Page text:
resources for the benefit of their people. With Canadian and international partners, CIRDI provide leading- practice advice, technical support, training and applied research as well as a platform for innovative thinking, knowledge mobilization and shared learning. The focus areas are improving public sector capacity and governance, strengthening integrated resource management, transforming artisanal and small-scale mining. GRID-Arendal is a Norwegian Foundation and an official centre collaborating with the UN Environment Programme. GRID-Arendal was commissioned to undertake the rapid response assessment of mine tailings storage. GRID-Arendal works with partners around the world, to provide scientific research and communicate knowledge that strengthens management capacity and motivates decision-makers to act. In conjunction with the GRID-Arendal office at the University of Sydney, our focus in extractive industries is on improving social, economic and environmental outcomes for communities and helping to ensure mining benefits all stakeholders. We do this by providing scientific data and information, capacity building and awareness raising. Facilitation The meeting will be facilitated by the Yannick Beaudoin, Director General, Ontario and Northern Canada for the David Suzuki Foundation (DSF), a Canadian non-profit charity that promotes evidence-based research, education and policy analysis. The David Suzuki Foundation works to conserve and protect the natural environment, and help create sustainable societies. DSF regularly collaborates with non-profit and community organizations, all levels of government, businesses and individuals. What do we seek to achieve in two days? The Vancouver Session will involve ~15-20 participants who will inform the early development of the global Mine Waste Initiative. The participants bring in depth of understanding, commitment and foresight, creating an opportunity to bring together many perspectives in a collaborative endeavour for the collective good. Objective: The primary objectives of the two-day meeting is to explore the building blocks of a Roadmap for improving mine waste management. To best achieve this objective, the two- day Vancouver Session will seek to: • Create a group social dynamic that enables high quality collaboration challenging established stakeholder positions; • Explore how the potential global Mine Waste Initiative could affect desired change from the perspective that “the setting of limits is a social process, not a scientific or economic one”. • Explore the different voices and perspectives that would need to be intentionally included in the large scale gathering and that often make up ‘blind spots’ with respect to convening groups to enable tangible and impactful solutions and change. • Reflect on how a process of participation and engagement, that builds significant ownership and commitment to integrated implementation relevant to local contexts and broader desired outcomes, could be developed and embedded in mine waste management worldwide. • Develop a shared sense of commitment to this work and why it’s important at a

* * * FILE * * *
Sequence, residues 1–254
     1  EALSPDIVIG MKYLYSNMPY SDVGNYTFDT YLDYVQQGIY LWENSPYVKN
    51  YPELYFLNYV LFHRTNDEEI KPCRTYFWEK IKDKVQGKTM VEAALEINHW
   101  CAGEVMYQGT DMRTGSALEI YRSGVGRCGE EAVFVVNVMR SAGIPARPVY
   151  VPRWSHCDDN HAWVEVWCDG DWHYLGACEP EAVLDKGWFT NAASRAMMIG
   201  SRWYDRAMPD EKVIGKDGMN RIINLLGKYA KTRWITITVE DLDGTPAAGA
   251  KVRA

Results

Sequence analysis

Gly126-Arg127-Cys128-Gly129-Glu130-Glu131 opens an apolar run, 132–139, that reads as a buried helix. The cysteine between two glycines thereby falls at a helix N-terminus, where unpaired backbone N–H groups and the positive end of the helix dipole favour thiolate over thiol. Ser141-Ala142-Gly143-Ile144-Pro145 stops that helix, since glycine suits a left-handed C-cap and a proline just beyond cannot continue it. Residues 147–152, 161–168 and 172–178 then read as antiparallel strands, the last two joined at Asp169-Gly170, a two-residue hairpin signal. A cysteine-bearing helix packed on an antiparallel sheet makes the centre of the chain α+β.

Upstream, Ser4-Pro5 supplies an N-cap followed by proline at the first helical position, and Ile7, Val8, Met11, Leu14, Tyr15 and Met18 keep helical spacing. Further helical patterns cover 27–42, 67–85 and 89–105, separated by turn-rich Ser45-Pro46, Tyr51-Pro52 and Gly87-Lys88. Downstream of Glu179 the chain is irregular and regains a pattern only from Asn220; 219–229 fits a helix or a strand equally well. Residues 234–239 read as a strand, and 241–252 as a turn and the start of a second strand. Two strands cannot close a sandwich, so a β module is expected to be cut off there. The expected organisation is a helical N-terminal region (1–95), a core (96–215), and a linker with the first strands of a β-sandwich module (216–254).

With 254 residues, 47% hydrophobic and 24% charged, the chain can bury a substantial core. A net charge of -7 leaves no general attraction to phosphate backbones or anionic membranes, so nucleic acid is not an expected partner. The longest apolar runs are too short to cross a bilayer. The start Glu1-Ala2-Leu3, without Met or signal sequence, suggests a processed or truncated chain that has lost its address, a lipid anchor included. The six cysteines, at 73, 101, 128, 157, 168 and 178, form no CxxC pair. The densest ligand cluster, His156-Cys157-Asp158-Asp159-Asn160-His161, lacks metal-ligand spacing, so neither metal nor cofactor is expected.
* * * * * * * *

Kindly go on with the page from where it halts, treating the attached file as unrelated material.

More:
personal, professional and societal level • Establish a collaborative space and group dynamic that supports each to bring forth their voice/perspective and the challenging conversations that are inevitable. • Provide a roadmap of next steps (or clarity on how we get to them). Innovation, design and bridging the implementation gap Decision makers and implementers tend to learn more effectively through discovery - testing an approach, reflecting on what seems to be happening, abandoning what doesn’t seem to work, and focusing in on what seems to be taking hold. Ongoing responsiveness and collective problem definition, redefinition and ‘intervention’ require new levels of personal and collective awareness. This innovation session, which is based on change processes developed by MIT’s Presencing Institute , aims to facilitate a learning journey where participants move forward with insight, tapping collective capacities and illuminating blind spots. On our journey, we will explore together the complexities of economic, social and cultural aspects of the mining industry and how people and planet can be impacted (positively and negatively). The Presencing Institute describes the innovation session as Engaging in change initiatives that enable business, governments and civil society to respond to the disruptive challenges of our time . What is our disruptive challenge? A starting point could be, how can we stop mine waste from having any negative impact on people and our environment. A key question could be - Is it wise to continue storing increasingly larger volumes of mine tailings, believing that they are safely locked away, or can society demand more sustainable practices in the design and planning of tailings management, including zero (or minimal) mine waste and turning mine waste into secondary resources?